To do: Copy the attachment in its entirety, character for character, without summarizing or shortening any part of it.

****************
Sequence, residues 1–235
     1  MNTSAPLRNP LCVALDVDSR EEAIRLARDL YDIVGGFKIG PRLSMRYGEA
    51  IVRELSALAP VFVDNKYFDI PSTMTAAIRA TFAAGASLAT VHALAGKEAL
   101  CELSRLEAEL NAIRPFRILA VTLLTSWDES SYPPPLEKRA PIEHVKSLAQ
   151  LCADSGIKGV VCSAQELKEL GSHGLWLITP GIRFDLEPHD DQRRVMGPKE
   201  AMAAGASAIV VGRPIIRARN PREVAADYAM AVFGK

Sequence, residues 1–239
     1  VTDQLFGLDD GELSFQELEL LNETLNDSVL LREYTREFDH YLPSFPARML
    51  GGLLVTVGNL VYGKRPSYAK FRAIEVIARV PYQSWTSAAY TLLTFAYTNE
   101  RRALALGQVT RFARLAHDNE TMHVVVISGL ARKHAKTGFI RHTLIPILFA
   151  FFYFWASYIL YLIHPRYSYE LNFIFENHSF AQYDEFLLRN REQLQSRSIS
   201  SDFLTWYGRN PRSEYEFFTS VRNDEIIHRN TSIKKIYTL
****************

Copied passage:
Sequence, residues 1–235
     1  MNTSAPLRNP LCVALDVDSR EEAIRLARDL YDIVGGFKIG PRLSMRYGEA
    51  IVRELSALAP VFVDNKYFDI PSTMTAAIRA TFAAGASLAT VHALAGKEAL
   101  CELSRLEAEL NAIRPFRILA VTLLTSWDES SYPPPLEKRA PIEHVKSLAQ
   151  LCADSGIKGV VCSAQELKEL GSHGLWLITP GIRFDLEPHD DQRRVMGPKE
   201  AMAAGASAIV VGRPIIRARN PREVAADYAM AVFGK

Sequence, residues 1–239
     1  VTDQLFGLDD GELSFQELEL LNETLNDSVL LREYTREFDH YLPSFPARML
    51  GGLLVTVGNL VYGKRPSYAK FRAIEVIARV PYQSWTSAAY TLLTFAYTNE
   101  RRALALGQVT RFARLAHDNE TMHVVVISGL ARKHAKTGFI RHTLIPILFA
   151  FFYFWASYIL YLIHPRYSYE LNFIFENHSF AQYDEFLLRN REQLQSRSIS
   201  SDFLTWYGRN PRSEYEFFTS VRNDEIIHRN TSIKKIYTL